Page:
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You Deserve Nothing by [Maksik, Alexander]
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You Deserve Nothing Kindle Edition

3.6 out of 5 stars 47 customer reviews

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Length: 321 pages Word Wise: Enabled Enhanced Typesetting: Enabled
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Review

"Alexander Maksik's relentless engagement of ideas and literature and the depiction of his characters makes for one of the most engaged reads I've had in years."-Alice Sebold

"You Deserve Nothing is a bracing, challenging, enthralling debut. It is a novel that rings true from first page to last, refusing the false notion of easy choices, inhabiting, rather, the moral maze of lived life. Here is a gifted writer who understands why the artful telling of a difficult story is a brave and important thing to do. Read this book."-John Burnham Schwartz, author of "Reservation Road"

"A provocative, constantly surprising, and original novel written with precision and grace. Maksik is unflinching in his exploration of the sexual awakening of the young, and the moral complexity of adulthood. This is a thrilling debut."-Susanna Moore, author of "In the Cut" and "The Big Girls"



"One of the most engaged reads I''ve had in years."---Alice Sebold

"Alexander Maksik deftly evokes the beauty and pathos of Paris, and the story of Will, Gilad and Marie-each compelled towards moral and sexual awakening- is at once dark and luminous. This is a book to be read all at once with a glass of wine in a cafe or a cup of tea while tucked safely in bed."---A.M. Homes

""You Deserve Nothing" is a powerful, absorbing novel about a charismatic expatriate teacher and the students whose lives he transforms, for better and worse. Alexander Maksik is an unusually gifted writer."---Tom Perrotta

""You Deserve Nothing" rings true from first page to last. Here is a writer who understands why the artful telling of a difficult story is a brave and important thing to do. Read this book."---John Burnham Schwartz

"Alexander Maksik''s first novel, "You Deserve Nothing", is a thoroughly engaging, passionate, and challenging read that finely walks the line between morality and amorality. In a society, and at a time, when individual identity is so closely tied to collective narcissism, Maksik''s novel asks what are the true sources of selfworth? And how shall we live?"---Tom Jenks, editor, Narrative magazine

"A provocative, constantly surprising, and original novel. This is a thrilling debut."---Susanna Moore

"Maksik''s superb novel takes on the most fundamental question-how are we supposed to live?-with a freshness and urgency that are nothing short of masterful. This is a gorgeous book, as honest and rich a depiction of life''s contradictions as I''ve encountered in many years."---Ben Fountain

"Maksik's superb novel takes on the most fundamental question-how are we supposed to live?-with a freshness and urgency that are nothing short of masterful. This is a gorgeous book, as honest and rich a depiction of life's contradictions as I've encountered in many years."---Ben Fountain

"Alexander Maksik's first novel, "You Deserve Nothing", is a thoroughly engaging, passionate, and challenging read that finely walks the line between morality and amorality. In a society, and at a time, when individual identity is so closely tied to collective narcissism, Maksik's novel asks what are the true sources of selfworth? And how shall we live?"---Tom Jenks, editor, Narrative magazine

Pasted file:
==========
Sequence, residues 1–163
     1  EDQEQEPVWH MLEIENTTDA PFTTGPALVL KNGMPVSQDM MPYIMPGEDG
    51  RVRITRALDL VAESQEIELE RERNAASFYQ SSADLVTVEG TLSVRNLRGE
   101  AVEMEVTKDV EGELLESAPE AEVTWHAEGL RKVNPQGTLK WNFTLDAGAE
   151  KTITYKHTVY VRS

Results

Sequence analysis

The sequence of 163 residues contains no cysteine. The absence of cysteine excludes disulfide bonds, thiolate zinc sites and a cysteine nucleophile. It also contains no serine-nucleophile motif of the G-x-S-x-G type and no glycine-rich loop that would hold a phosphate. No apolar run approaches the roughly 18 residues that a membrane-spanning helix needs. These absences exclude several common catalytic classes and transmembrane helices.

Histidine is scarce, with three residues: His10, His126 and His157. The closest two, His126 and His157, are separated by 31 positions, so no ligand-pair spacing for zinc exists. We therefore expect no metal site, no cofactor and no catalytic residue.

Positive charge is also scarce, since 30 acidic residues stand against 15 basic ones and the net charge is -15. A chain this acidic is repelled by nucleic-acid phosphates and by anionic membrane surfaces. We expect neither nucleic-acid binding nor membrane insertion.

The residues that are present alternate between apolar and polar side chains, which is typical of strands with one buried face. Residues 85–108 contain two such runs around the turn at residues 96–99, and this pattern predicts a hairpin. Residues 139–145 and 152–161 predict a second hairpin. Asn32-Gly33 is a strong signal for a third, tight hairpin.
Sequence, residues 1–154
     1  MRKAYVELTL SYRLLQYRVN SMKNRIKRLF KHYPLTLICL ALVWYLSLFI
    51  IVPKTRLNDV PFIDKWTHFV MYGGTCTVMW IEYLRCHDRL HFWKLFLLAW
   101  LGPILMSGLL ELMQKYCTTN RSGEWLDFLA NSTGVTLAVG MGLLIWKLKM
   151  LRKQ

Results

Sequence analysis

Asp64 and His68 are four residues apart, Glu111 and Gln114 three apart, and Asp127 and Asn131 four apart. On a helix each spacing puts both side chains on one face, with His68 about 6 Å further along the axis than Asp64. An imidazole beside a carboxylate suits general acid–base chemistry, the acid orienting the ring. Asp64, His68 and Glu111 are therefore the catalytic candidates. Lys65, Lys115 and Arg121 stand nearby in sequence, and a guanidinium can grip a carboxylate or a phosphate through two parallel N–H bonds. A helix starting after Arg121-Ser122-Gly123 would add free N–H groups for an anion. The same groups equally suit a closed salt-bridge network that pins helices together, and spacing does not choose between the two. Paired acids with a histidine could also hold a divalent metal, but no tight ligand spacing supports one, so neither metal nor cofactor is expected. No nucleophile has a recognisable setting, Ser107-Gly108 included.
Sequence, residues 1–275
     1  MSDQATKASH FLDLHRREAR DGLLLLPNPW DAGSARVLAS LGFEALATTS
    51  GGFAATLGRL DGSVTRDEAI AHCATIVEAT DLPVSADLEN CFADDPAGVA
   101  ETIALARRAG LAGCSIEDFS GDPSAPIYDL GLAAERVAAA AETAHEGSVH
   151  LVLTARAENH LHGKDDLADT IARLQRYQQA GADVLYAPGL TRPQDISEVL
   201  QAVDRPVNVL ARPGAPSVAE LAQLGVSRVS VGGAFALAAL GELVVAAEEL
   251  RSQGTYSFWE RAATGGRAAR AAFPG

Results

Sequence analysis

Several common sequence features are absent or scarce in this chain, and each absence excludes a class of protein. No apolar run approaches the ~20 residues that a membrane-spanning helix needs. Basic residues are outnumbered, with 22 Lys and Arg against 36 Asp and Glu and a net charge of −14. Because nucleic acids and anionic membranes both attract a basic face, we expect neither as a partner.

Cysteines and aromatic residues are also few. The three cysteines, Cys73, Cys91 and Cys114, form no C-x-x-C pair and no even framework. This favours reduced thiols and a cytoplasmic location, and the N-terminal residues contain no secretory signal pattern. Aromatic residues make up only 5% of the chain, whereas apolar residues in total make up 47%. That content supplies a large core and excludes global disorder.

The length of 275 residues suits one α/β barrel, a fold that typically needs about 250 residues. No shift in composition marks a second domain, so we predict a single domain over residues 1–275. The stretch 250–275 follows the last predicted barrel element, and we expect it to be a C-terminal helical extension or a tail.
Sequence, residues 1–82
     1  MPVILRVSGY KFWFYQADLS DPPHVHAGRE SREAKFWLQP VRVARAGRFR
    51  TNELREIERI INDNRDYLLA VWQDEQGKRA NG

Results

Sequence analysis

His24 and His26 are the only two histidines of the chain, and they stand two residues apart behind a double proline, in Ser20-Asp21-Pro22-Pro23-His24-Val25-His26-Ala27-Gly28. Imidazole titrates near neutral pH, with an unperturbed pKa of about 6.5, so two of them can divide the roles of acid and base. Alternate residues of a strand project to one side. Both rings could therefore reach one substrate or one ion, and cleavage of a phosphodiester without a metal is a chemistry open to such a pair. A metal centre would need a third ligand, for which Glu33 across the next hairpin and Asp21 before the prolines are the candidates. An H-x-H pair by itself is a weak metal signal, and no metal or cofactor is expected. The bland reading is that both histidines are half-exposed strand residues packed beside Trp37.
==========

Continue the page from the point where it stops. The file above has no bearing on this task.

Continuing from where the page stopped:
"One of the most engaged reads I've had in years." Alice Sebold
"Alexander Maksik deftly evokes the beauty and pathos of Paris, and the story of Will, Gilad and Marie-each compelled towards moral and sexual awakening- is at once dark and luminous. This is a book to be read all at once with a glass of wine in a cafe or a cup of tea while tucked safely in bed." A.M. Homes
"You Deserve Nothing is a powerful, absorbing novel about a charismatic expatriate teacher and the students whose lives he transforms, for better and worse. Alexander Maksik is an unusually gifted writer." Tom Perrotta
"You Deserve Nothing rings true from first page to last. Here is a writer who understands why the artful telling of a difficult story is a brave and important thing to do. Read this book." John Burnham Schwartz
"A provocative, constantly surprising, and original novel. This is a thrilling debut." Susanna Moore
"Maksik's superb novel takes on the most fundamental question-how are we supposed to live?-with a freshness and urgency that are nothing short of masterful. This is a gorgeous book, as honest and rich a depiction of life's contradictions as I've encountered in many years." Ben Fountain
"Alexander Maksik's first novel, You Deserve Nothing, is a thoroughly engaging, passionate, and challenging read that finely walks the line between morality and amorality. In a society, and at a time, when individual identity is so closely tied to collective narcissism, Maksik's novel asks what are the true sources of selfworth? And how shall we live?" Tom Jenks, editor, Narrative magazine"

Review

'One of the most engaged reads I've had in years' -- Alice Sebold 'A hugely satisfying and thought-provoking novel...There are echoes of The Secret History but You Deserve Nothing may be even more immediately appealing' -- Daily Mail 'Just the right amount of melancholy and, yes, even romance' -- Daily Telegraph 'Deftly evokes the beauty and pathos of Paris...This is a book to be read all at once with a glass of wine in a cafe or a cup of tea while tucked safely in bed' -- A.M. Homes 'Rivetingly plotted and beautifully written' -- New York Times 'You Deserve Nothing ... reminds the reader how powerful ideas and literature can be - not just by creating a memorably complex character in Will, but with some stunning prose of its own as well' -- Independent on Sunday 'Superb' -- Sunday Times 'A provocative, constantly surprising, and original novel written with precision and grace. [A] thrilling debut' -- Susanna Moore 'A gorgeous, troubling, unflinching book, as honest and rich a depiction of life's contradictions as I've encountered in many years' -- Ben Fountain 'An extraordinary read' -- Red Magazine 'An extraordinary read' -- Red Magazine

Product details

  • Format: Kindle Edition
  • File Size: 2017 KB
  • Print Length: 321 pages
  • Publisher: John Murray (15 Sept. 2011)
  • Sold by: Amazon Media EU S.à r.l.
  • Language: English
  • ASIN: B005HVR9GA
  • Text-to-Speech: Enabled
  • X-Ray: